I admit I wasn’t very happy with the idea of working from home at first. I was already kind of isolated on more occasions than I’d like, since I don’t socialize much.


However, when The Commercial leaders announced we’d be shutting our doors during the COVID-19 pandemic, I knew I’d have to get with the program and work remotely.


I was also concerned I might need a new home computer since mine was outdated and unreliable. Once the company addressed my obstacles, I was able to work from home.


At first, I missed being at the office. Now, it’s hard to believe that I’d rather be home most of the time.


Recently, I watched a webinar with leaders giving advice on how to balance the home/work life. While I couldn’t relate to some of it — having Zoom meetings while little kids or pets want your attention — I can relate to other issues.


One advisor said to make sure you keep a routine just as if you’re going to work. Get up, take a shower, get dressed, eat breakfast, meditate, pray or do whatever you’d normally do as if you were going into the office, she said.


She even advised us to stay connected with loved ones and neighbors as well as to exercise, she said, while showing us a photo of herself on a morning jog. I don’t know about other people watching the webinar, but my first thought was I won’t be running unless someone is chasing me.


And, as far as getting dressed is concerned, she’s got a point. While it’s easy to sit around in your PJs, loungewear or moo moo, I do feel better if I have actual clothes on. It also helps if someone’s at your door and you don’t have to run and grab a robe before inviting them into the house.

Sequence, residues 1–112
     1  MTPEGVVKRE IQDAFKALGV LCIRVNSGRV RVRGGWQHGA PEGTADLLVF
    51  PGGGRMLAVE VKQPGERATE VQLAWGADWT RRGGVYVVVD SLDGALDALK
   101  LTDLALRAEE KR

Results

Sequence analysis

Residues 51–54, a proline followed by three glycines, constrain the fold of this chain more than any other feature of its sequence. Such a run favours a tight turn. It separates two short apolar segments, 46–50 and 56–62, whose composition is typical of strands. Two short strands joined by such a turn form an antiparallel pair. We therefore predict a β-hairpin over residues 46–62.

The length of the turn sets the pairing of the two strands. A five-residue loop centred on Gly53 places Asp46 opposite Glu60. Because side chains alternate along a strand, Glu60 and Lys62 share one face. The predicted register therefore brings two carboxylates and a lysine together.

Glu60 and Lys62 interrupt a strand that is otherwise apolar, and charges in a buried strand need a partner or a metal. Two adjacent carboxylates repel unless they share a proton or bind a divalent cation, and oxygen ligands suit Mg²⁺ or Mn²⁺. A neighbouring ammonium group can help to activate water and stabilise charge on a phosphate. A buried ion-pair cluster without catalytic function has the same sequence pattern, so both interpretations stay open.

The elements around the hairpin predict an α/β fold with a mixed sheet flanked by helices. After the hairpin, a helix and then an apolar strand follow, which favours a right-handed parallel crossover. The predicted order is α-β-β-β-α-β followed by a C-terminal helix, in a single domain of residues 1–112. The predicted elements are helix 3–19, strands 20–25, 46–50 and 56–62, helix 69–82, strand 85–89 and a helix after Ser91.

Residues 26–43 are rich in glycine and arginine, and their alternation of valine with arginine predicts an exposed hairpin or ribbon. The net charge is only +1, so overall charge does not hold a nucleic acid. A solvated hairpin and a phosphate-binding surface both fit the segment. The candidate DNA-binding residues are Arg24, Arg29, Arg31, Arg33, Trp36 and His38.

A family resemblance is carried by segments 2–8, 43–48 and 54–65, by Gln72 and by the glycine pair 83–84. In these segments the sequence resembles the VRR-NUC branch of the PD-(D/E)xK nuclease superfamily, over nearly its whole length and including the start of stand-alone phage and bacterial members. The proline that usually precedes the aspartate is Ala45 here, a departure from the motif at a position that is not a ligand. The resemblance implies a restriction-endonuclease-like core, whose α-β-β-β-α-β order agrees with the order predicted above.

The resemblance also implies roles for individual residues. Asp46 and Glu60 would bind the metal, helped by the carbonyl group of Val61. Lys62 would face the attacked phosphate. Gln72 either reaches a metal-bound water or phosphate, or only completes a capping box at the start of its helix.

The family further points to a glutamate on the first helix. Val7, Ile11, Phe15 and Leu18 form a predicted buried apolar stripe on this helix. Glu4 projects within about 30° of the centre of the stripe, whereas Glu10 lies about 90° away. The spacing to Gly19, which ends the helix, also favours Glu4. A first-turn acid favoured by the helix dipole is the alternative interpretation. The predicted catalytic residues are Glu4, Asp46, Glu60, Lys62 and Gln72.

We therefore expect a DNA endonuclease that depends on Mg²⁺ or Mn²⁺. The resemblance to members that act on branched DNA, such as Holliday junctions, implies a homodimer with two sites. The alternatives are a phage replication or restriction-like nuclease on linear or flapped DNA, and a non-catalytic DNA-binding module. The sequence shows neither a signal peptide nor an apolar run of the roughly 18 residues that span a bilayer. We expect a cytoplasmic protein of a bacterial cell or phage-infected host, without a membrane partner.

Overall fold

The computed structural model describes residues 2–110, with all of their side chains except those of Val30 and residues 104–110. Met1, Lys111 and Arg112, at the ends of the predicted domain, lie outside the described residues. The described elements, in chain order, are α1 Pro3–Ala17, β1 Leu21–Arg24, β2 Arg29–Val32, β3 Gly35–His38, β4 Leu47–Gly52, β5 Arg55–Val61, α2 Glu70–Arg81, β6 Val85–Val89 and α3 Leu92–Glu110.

There were many other helpful tips on the webinar, but there are also a few I could have added like don’t overspend at the grocery store. I may not be roaming about town very much, but I spend an unusual amount of time and money at the store.


At first, I did it to stock up on things I’d need while being home more. After all, I wasn’t going to be eating out very much. I bought everything from necessities like fruits and vegetables, meats and breakfast foods to things I didn’t really need, but wanted like my favorite chocolate candy, cookies and ice cream. Some days, I’d look at my grocery cart and find more junk than actual food.


It’s a good thing my nephew mistakenly thought I qualified for the senior citizen discount at the store where he worked because that saved me a lot. No, I didn’t ask for it. He just thought the clerk was forgetting to give the discount to seniors of a certain age and before I knew it, he’d done it. Later, I discovered that I’m a couple of years from being eligible for that particular discount and told him so that blessing could go to someone who really deserved it.


I know that being home is the safest place to be during the pandemic, but I do miss some things about being in an office atmosphere. I miss the chatter of co-workers talking about work-related challenges or even sharing their lives.


I miss hearing that someone has become a grandparent for the first time, getting married or earning that long-awaited degree. Some times the news wasn’t so pleasant. Sometimes it was about losing a loved one or facing job layoffs and at times like those, you mourn when others hurt.


Even before COVID-19 shut us down temporarily, there were things I missed about days gone by. I missed being in a building with about 100 employees and now it’s only a fraction of that. I recall working in the newsroom where it was so busy with everyone talking at the same time, phones ringing, readers stopping by to thank you for doing a story on their family project or to give you a piece of their mind if you didn’t support their political beliefs.


As the former city editor, I recall listening to the police scanner and deciding whether it was something to send a reporter to cover or wait to see if it was a false alarm. I even miss the little ole’ ladies who dropped by to bring their civic club write ups or church announcements, sometimes getting right up in your face, invading your personal space, to be sure you understood how they wanted it done.


At home, it’s quieter and I’m even better at concentrating without having to tune out all of the noise or the welcome interruptions.


— Sandra Hope is the editorial assistant and former city editor of The Commercial.